Best Supporting Actor Robert Preston Nominated
Best Supporting Actress Lesley Ann Warren Nominated
Best Screenplay – Based on Material from Another Medium Blake Edwards Nominated
Best Art Direction Rodger Maus, Tim Hutchinson, William Craig Smith and Harry Cordwell Nominated
Best Costume Design Patricia Norris Nominated
Best Original Song Score and Its Adaptation or Adaptation Score Henry Mancini and Leslie Bricusse Won
British Society of Cinematographers[12] Best Cinematography Dick Bush Nominated
César Awards Best Foreign Film Blake Edwards Won
David di Donatello Awards Best Foreign Film Nominated
Best Foreign Director Nominated
Best Foreign Screenplay Won
Best Foreign Actress Julie Andrews Won
Golden Globe Awards[13] Best Motion Picture – Musical or Comedy Nominated
Best Actress in a Motion Picture – Musical or Comedy Julie Andrews Won
Best Supporting Actor – Motion Picture Robert Preston Nominated
Best Supporting Actress – Motion Picture Lesley Ann Warren Nominated
Best Original Score – Motion Picture Henry Mancini Nominated
Golden Reel Awards Best Sound Editing – Foreign Feature – Dialogue Won
Grammy Awards[14] Best Album of Original Score Written for a Motion Picture or Television Special Victor/Victoria – Henry Mancini and Leslie Bricusse Nominated
Kansas City Film Critics Circle Awards[15] Best Actress Julie Andrews Won[a]
National Board of Review Awards[16] Best Supporting Actor Robert Preston Won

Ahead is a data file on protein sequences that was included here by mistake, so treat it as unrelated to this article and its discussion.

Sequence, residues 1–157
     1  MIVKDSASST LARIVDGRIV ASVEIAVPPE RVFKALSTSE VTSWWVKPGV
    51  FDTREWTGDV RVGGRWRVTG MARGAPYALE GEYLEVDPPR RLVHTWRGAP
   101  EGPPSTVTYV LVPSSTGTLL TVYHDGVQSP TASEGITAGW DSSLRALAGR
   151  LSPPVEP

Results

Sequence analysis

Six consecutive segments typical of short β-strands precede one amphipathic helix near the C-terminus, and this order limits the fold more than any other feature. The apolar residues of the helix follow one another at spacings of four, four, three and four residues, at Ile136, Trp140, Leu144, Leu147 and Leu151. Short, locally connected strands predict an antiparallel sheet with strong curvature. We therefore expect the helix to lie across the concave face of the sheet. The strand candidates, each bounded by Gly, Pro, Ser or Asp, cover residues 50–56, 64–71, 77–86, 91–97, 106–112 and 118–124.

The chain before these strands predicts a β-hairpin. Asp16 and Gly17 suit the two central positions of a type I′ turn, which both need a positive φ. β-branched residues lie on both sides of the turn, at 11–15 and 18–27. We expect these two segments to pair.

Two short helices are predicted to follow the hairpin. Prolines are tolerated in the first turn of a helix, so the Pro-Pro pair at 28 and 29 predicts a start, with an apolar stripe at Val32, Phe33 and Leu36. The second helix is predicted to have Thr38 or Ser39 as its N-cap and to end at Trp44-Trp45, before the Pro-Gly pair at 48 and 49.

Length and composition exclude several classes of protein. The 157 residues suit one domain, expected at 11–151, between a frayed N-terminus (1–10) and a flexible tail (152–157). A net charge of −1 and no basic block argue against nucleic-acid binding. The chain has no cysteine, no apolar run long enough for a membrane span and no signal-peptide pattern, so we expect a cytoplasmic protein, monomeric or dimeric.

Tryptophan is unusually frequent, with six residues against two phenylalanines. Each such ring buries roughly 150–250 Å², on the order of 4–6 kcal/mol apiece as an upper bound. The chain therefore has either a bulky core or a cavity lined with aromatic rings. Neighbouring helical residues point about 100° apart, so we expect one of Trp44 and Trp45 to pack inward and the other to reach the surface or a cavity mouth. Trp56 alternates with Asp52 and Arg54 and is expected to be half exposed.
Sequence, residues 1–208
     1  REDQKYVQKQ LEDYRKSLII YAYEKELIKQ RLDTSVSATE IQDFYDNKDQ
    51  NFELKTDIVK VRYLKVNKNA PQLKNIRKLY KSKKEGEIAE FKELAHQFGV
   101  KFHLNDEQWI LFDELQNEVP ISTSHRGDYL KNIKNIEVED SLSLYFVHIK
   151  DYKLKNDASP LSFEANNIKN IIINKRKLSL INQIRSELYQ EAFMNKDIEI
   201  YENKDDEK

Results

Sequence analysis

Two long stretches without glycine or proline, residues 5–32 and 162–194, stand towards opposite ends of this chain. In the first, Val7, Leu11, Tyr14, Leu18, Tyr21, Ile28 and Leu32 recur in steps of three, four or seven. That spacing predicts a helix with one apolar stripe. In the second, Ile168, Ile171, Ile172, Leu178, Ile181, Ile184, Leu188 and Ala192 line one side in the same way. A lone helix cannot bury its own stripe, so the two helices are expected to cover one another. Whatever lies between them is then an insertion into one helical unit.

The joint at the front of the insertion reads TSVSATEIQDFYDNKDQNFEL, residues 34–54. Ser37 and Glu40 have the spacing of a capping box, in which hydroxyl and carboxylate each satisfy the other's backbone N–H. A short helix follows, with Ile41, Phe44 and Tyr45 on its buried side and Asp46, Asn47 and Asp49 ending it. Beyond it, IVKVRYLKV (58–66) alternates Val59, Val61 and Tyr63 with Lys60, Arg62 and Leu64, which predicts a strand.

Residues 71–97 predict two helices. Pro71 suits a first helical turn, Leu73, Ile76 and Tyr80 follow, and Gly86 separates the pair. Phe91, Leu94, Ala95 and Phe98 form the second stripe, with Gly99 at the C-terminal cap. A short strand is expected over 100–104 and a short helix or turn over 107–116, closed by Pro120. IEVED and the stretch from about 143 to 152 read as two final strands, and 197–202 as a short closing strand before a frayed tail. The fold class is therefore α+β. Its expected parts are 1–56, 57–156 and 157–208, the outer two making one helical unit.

New York Film Critics Circle Awards[17] Best Supporting Actor Runner-up
Best Supporting Actress Lesley Ann Warren Nominated
Sant Jordi Awards Best Foreign Film Blake Edwards Won
Best Performance in a Foreign Film Julie Andrews Nominated
Robert Preston Won
Turkish Film Critics Association Awards Best Foreign Film 7th Place
Writers Guild of America Awards[18] Best Comedy Adapted from Another Medium Blake Edwards Won

In 2000, American Film Institute included the film in AFI's 100 Years...100 Laughs (#76).[19]

See also[edit]


  1. ^ Tied with Meryl Streep for Sophie's Choice.


  1. ^ a b Victor/Victoria at the American Film Institute Catalog
  2. ^ Moses, Antoinette (Fall 1982). "British Production 1981". Sight & Sound. Vol. 51, no. 4. p. 258. ISSN 0037-4806.
  3. ^ "Victor/Victoria". AllMovie. Retrieved January 2, 2009.
  4. ^ Stirling, Richard (2008). Julie Andrews: An Intimate Biography. Macmillan. pp. 272. ISBN 978-0-312-38025-0.
  5. ^ "Victor/Victoria". Rotten Tomatoes. Retrieved October 6, 2021. Edit this at Wikidata
  6. ^ "Victor Victoria". Metacritic.
  7. ^ Ebert, Roger (October 23, 2004). "Victor/Victoria movie review & film summary (1982)". Chicago Sun-Times.
  8. ^ McCarthy, Todd (March 17, 1982). "Film Reviews: Victor/Victoria". Variety.
  9. ^ "NY Times: Victor/Victoria". Movies & TV Dept. The New York Times. 2010. Archived from the original on November 17, 2010. Retrieved January 1, 2009.
  10. ^ Oldham, Gabriella (2017). Blake Edwards: Interviews. University Press of Mississippi. ISBN 9781496815675. Retrieved March 3, 2020.
  11. ^ "The 55th Academy Awards (1983) Nominees and Winners". Archived from the original on September 5, 2012. Retrieved October 9, 2011.
  12. ^ "Best Cinematography in Feature Film" (PDF). Retrieved June 3, 2021.
  13. ^ "Victor/Victoria – Golden Globes". HFPA. Retrieved August 13, 2021.
  14. ^ "1982 Grammy Award Winners". Archived from the original on July 28, 2013. Retrieved May 30, 2013.
  15. ^ "KCFCC Award Winners – 1980-89". December 14, 2013. Retrieved May 15, 2021.
  16. ^ "1982 Award Winners". National Board of Review. Retrieved August 13, 2021.
  17. ^ "1982 New York Film Critics Circle Awards". Mubi. Retrieved August 13, 2021.
  18. ^ "Awards Winners". Writers Guild of America. Archived from the original on December 5, 2012. Retrieved June 6, 2010.
  19. ^ "AFI's 100 Years...100 Laughs" (PDF). American Film Institute. 2002. Retrieved August 21, 2016.

External links[edit]